ility of the shared data vary significantly depending on the electronic health record (EHR) in use, according to a new report from the Utah-based KLAS Research.
This report—a follow-up to research published in early 2019—examines adoption and usability among advanced users of the main acute and ambulatory care EHR vendors. Cerner, Epic and NextGen are best at making patient data from outside the clinician’s health system usable for clinicians.
According to the report’s specifics, NextGen Healthcare is the only ambulatory-specific EHR vendor to provide a strong usability experience for all interoperability workflows measured by KLAS. Over the last 18 months, NextGen has made significant progress in enabling data reconciliation and the ingestion of progress notes and lab data, KLAS concluded. Indeed, in last year’s report, KLAS found that “companies such as athenahealth, eClinicalWorks, NextGen Healthcare, and Virence Health (GE Healthcare) are all still working to make notes and labs easier to consumers.”
The interoperability workflows measured in this report include: automatic querying; automatic patient matching; flow of outside data; reconciliation of problems, allergies, medications, and immunizations (PAMI data, lab data workflow; and progress notes workflow. The vendors with the best overall usability of shared data scores were NextGen and Epic, each receiving a 4.25 out of 5, followed by Cerner, which scored a 3.75. KLAS researchers note that this report focuses on the usability of shared patient data brought in via connections with Carequality and CommonWell. Data on other means of interoperability, such as custom interfaces and HIEs, was excluded.
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Epic and Cerner are also leaders in enabling access to outside data. Epic has continued to enhance the end-user experience; their Happy Together solution provides the most natural integration of outside data into the clinician workflow, including the recent addition of basic lab trending, according to KLAS. Cerner, meanwhile, delivers strong capabilities for accessing and incorporating a wide variety of outside data into the patient record. Customers say Cerner is currently building functionality to automatically ingest progress notes and lab data. Customers of both Cerner and Epic say the next step is for the vendors to reduce the duplication of problems, allergies, medications, and immunizations (PAMI).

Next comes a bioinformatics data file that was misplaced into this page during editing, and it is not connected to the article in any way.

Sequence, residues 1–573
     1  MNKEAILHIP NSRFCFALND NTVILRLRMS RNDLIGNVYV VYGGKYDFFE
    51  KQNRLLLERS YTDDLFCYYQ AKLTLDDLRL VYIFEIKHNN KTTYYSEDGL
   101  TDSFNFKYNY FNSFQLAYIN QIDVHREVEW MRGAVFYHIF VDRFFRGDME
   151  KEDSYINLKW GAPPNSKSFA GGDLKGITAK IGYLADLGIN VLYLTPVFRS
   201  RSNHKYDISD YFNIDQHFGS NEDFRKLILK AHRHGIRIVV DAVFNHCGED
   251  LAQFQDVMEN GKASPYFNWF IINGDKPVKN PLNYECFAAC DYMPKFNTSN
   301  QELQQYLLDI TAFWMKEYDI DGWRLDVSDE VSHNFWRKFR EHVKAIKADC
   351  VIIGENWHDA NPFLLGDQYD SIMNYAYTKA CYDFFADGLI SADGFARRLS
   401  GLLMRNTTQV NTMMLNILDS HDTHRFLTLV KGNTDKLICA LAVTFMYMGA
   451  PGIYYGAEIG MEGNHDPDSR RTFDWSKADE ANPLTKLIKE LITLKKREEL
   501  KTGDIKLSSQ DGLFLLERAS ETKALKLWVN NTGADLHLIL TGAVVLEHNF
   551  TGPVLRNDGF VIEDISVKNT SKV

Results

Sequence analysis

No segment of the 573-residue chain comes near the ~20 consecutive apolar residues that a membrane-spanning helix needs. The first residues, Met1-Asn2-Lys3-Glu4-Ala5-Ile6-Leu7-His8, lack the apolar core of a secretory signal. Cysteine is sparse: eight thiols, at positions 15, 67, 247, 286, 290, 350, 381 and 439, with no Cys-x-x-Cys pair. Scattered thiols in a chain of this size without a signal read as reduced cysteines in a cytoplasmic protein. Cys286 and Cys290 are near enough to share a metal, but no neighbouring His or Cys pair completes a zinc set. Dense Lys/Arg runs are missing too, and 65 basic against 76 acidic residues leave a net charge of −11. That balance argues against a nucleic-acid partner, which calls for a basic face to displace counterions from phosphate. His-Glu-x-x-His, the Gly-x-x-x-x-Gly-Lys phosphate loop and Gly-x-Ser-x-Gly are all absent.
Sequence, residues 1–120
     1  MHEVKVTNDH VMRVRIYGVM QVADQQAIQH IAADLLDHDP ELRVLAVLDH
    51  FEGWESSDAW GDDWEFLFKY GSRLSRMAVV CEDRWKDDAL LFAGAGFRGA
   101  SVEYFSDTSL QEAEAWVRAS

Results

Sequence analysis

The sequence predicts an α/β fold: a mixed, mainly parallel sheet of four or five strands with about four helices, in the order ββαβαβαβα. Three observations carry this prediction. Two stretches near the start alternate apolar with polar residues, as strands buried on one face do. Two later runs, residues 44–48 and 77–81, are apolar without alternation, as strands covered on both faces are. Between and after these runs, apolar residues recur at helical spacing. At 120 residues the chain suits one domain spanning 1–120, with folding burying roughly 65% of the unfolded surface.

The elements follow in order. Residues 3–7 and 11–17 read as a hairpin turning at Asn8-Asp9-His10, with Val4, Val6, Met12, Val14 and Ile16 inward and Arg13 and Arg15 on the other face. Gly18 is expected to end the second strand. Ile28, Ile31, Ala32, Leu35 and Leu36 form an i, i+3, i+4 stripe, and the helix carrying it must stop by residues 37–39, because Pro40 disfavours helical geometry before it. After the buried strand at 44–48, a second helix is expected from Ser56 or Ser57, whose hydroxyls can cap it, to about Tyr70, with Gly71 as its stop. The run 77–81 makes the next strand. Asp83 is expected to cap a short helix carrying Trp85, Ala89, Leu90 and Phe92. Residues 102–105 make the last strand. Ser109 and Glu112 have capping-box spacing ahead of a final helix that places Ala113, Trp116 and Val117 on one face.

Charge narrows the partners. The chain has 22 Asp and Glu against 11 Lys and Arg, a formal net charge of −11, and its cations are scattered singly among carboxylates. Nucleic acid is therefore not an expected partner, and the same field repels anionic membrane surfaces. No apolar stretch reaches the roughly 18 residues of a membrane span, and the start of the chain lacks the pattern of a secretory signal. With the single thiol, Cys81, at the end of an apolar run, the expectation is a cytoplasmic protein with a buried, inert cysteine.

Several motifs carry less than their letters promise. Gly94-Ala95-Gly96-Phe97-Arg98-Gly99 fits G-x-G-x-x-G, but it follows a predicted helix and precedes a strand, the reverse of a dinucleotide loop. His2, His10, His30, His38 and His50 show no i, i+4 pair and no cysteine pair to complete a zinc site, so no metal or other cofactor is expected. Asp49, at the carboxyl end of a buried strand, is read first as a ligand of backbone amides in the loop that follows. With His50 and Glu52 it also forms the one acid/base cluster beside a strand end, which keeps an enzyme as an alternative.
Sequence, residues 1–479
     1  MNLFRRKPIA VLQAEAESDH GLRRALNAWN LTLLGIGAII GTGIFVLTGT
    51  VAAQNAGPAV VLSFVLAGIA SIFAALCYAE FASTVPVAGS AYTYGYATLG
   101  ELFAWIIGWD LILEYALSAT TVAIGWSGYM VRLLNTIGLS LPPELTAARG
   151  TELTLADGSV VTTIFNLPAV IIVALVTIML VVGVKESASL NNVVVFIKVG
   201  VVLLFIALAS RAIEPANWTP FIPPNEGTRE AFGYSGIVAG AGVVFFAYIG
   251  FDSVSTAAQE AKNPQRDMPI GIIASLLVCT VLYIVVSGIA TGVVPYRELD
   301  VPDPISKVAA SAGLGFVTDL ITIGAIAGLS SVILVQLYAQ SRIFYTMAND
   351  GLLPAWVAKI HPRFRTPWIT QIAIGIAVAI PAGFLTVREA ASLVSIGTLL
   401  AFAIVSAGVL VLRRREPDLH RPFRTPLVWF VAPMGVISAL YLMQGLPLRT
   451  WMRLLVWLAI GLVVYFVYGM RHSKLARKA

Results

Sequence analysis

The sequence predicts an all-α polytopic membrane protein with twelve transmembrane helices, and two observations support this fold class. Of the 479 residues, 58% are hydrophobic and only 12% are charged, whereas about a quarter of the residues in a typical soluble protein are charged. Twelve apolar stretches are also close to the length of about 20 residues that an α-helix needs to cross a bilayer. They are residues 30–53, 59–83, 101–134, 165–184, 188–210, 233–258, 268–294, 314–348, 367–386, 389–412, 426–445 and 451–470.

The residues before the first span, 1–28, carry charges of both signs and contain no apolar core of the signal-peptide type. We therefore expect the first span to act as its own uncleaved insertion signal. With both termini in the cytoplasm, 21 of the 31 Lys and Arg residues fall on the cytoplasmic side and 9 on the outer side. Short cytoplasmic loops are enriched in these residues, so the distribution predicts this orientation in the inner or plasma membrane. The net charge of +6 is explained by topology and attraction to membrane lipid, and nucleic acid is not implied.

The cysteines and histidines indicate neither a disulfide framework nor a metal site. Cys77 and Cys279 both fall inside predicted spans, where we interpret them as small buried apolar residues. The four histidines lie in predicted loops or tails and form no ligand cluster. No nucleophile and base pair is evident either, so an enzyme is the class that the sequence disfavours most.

As more organizations have connected to the national framework, duplicate medication data has become more prevalent, and provider organizations are becoming increasingly frustrated by the amount of manual effort required to reconcile it. NextGen Healthcare is the only vendor whose customers report significant improvement in this area, KLAS reported. Specifically, the NextGen EHR is able to filter out duplicate medications, even for inexact matches (e.g., Tylenol vs. acetaminophen). While other solutions may be capable of flagging duplicate information and removing some of it, customers say the process is often still very manual.
CommonWell, an alliance formed six years ago, operates a health data sharing network that enables interoperability using a suite of services aiming to simplify cross-vendor nationwide data exchange. Carequality, an initiative of The Sequoia Project that launched about a year later, is a national-level, consensus-built, common interoperability framework to enable exchange between and among health data sharing networks. Nearly all major EHR vendors have aligned with one or both of these options, according to KLAS.